Emma Maris has a nice post over at The Last Word On Nothing entitled "Coming of Age in a Trash Forest", about secondary forest contrasted with "The Big Pristine". RTWT, but the final paragraph is the one that really got me:
My unscientific guess is that upwards of 80% of ecologists and conservationists first learned to love nature in places that weren’t pure, pristine or wild: culverts in cul de sacs, empty lots, summer camps on formerly logged land, hedgerows and the weedy margins of agricultural fields. We loved them as kids, and now we are learning to love them again as scientists and environmentalists. It is a kind of homecoming.
I'm definitely an eighty-percenter. Most of my childhood was spent in the decidedly more rural environs of Loch Raven, but the first piece of ground to attract my attention as a young naturalist was in Catonsville, Maryland, on a street named for a long-defunct convent which, I suspect, left the neighborhood poorer for its absence. This was a long-settled and densely-populated area that was entering a period of decline. (When I returned years later with childhood friend Joann Grimes, we discovered that, apart from everything being smaller than we had remembered, the lane had made the slide from "somewhat sketchy" to a decidedly Not Good Neighborhood.) Across the street were quad-style apartment buildings, but ours was a Baltimore-style rowhouse, albeit without the marble steps.
Rowhouse residents parked in an alley behind the elongated building; the car I remember best was "Uncle" Carmine's (my friend Cindy's uncle, but he was Uncle Carmine to every kid on the block) Chevrolet Vega, distinguished by its bumper sticker: "You toucha my car, I breaka you face." (With Carmine, at least, the threat of violence could be taken as a joke.) But beyond the dusty gravel of the alley and up a red-clay embankment lay "the woods".
The woods, along with a small meadow on the other side, were the only "wild lands" accessible to the kids of the neighborhood. Here were built innumerable tree-forts, which lasted until blown apart by summer thunderstorms, pulled down by winter snowfall, or (most often) cannibalized to built bigger and better forts.* Here we could play at Tom Sawyer and Huckleberry Finn, though in retrospect I doubt many of the neighbor kids were literarily inclined. And here, just a stone's throw from my back door, was Nature itself—not just pictures in a field guide, but actual living things that made field guides worth carrying around.
Rank and weedy as they were, the woods tasted fine. There were honeysuckle vines (one of which, on an isolated section of chain-link fence that marked an abandoned right-of-way connecting to the alley, Bobby Quigley and I accidentally set alight with percussion caps one autumn day), blackberry tangles, and abundant mulberry trees. I'm sure many adults would have welcomed the demise of the neighborhood's mulberry trees (as long as it required little or no effort on their part), for the berries left purple stains on everything: cars, sidewalks, laundry hung out to dry, and quite often the faces of their progeny. But to a kid, the stains are worthwhile: nothing beats the taste of sun-warmed, bordering-on-overripe mulberries fresh from the tree in which you are perched watching the birds.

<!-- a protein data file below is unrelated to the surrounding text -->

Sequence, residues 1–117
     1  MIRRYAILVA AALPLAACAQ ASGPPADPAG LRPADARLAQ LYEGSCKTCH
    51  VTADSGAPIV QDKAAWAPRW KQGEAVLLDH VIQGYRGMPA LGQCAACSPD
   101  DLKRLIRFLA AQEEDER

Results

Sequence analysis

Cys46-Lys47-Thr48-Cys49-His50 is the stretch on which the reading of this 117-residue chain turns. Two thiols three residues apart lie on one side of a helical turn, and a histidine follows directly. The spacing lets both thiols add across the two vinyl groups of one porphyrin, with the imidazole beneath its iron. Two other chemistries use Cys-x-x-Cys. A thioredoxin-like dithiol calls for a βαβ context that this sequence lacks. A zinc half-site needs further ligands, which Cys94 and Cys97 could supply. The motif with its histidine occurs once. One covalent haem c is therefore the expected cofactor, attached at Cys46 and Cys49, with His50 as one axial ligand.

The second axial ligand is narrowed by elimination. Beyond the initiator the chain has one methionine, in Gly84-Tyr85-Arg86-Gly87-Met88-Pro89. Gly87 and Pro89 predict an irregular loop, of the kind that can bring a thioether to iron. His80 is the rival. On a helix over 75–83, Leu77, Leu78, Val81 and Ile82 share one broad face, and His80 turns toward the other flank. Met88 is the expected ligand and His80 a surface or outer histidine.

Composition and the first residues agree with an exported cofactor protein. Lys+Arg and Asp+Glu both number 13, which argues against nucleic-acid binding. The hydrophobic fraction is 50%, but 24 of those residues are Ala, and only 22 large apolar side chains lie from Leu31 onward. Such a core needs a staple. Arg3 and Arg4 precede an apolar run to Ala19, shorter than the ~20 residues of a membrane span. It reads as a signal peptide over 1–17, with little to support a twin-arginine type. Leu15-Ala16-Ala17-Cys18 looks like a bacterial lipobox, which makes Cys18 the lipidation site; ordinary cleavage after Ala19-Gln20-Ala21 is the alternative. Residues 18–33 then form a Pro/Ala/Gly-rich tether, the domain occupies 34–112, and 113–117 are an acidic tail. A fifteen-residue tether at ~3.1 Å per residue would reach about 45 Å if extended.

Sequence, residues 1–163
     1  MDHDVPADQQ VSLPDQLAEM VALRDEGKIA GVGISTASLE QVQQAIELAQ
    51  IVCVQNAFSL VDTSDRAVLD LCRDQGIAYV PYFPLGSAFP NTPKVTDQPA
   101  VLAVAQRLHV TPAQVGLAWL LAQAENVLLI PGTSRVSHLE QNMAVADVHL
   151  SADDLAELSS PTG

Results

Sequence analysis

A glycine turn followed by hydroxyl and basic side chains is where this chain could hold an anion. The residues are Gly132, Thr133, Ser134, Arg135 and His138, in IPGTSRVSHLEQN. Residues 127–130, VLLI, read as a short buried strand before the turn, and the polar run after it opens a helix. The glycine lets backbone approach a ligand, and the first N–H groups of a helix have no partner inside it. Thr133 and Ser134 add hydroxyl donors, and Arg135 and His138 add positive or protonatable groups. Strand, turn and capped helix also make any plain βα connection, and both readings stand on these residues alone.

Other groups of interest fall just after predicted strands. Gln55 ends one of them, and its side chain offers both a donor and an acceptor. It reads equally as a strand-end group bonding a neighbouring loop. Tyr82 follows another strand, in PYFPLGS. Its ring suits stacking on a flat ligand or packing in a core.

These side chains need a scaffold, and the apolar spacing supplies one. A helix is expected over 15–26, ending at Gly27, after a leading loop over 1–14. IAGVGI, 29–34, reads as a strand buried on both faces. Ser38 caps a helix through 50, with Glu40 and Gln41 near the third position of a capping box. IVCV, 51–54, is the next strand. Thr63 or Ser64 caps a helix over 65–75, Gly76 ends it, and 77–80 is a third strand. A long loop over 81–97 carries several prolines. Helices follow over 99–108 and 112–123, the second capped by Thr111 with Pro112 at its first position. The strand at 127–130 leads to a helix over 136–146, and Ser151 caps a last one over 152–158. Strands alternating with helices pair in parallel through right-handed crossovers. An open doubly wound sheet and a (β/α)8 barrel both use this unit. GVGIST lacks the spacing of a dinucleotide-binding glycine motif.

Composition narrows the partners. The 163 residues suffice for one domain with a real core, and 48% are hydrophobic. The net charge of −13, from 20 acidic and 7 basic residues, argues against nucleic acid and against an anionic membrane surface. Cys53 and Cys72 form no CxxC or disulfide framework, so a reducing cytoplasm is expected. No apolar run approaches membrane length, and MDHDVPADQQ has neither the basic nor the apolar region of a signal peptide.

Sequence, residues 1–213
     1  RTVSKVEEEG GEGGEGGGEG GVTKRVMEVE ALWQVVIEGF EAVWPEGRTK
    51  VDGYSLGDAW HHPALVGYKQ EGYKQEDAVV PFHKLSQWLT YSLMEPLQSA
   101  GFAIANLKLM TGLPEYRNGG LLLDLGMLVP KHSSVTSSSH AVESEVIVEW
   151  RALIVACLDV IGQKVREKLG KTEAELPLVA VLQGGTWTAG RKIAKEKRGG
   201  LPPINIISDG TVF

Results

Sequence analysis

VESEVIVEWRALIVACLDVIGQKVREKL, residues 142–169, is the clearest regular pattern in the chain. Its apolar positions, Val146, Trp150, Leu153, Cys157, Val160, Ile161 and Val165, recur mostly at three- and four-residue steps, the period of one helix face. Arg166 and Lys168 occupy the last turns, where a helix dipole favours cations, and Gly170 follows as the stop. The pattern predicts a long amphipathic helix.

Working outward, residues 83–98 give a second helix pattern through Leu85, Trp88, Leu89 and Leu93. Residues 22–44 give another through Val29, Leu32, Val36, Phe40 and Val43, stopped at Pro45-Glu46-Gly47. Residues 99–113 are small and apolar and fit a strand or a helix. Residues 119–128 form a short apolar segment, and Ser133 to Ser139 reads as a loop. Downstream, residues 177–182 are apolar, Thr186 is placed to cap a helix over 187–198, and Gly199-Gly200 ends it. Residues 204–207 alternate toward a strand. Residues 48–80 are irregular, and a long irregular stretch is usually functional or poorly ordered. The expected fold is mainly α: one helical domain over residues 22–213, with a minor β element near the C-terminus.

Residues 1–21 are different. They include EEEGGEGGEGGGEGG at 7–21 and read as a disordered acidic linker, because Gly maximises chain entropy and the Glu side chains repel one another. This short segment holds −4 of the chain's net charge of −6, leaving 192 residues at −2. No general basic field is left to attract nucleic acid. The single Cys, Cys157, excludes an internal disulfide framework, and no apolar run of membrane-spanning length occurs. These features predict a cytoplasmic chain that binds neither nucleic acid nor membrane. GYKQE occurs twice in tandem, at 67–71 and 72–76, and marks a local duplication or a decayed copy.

And snakes. The woods were home to a few black rat snakes (Elaphe obsoleta in the books I grew up with, though I see the species has now been renamed Pantherophis obsoletus) and abundant eastern garter snakes (Thamnophis s. sirtalis). I kept both of those, but my favorites were the diminutive Dekay's snakes (Storeria dekayi) and even more delicate, even more exquisite ringnecks (Diadophis punctatus). I never kept any of them for long, and some of them not even as long as I intended, for the Dekay's in particular were talented escape artists. My little brother had a collection of rubber snakes, lizards, and turtles, and as I recall it was one of my prodigal Dekay's that startled my mom late one night as she was picking up after Greg in the basement. I was awakened by my dad to remove the not-rubber-after-all snake, but he had a hard time concealing his amusement.
Berries and birds and snakes were everyday finds, but once I got really lucky and found a fossil on the edge of the woods: a chunk of mudstone covered with scallop impressions—Chesapecten, I've always assumed. (I still have it somewhere, and will post a picture later if I can remember which box it's in.) For a typically dinosaur-besotted little boy, this was a red-letter day. It wasn't Montana or Utah or Mongolia, just the inner suburbs of Baltimore, but my woods had fossils!
As far as I know, the woods are still there. My parents bought into the rowhouse for $15,000, give or take, about 1971; the unit next door was recently sold for something between $175,000 and $185,000 (thank you, Internet!). I'm not sure if that represents a neighborhood renaissance, an overheated mid-Atlantic housing market, or simply forty years of inflation, but I'd be willing to bet the woods are still weedy and at least as litter-strewn as when I was a kid. And I'd be equally willing to bet there are still birds and snakes and maybe even fossils waiting to be found there. What I don't know, in this age of nature-deficit disorder, is whether there are still kids who get off the couch (thanks again, Internet, and video games, and cell phones...) and explore those woods. No bet this time, but I sure hope there are.
* Quote from Emma Maris: "The nice thing about secondary forest is you can pound nails into it." I considered making this the title of my post.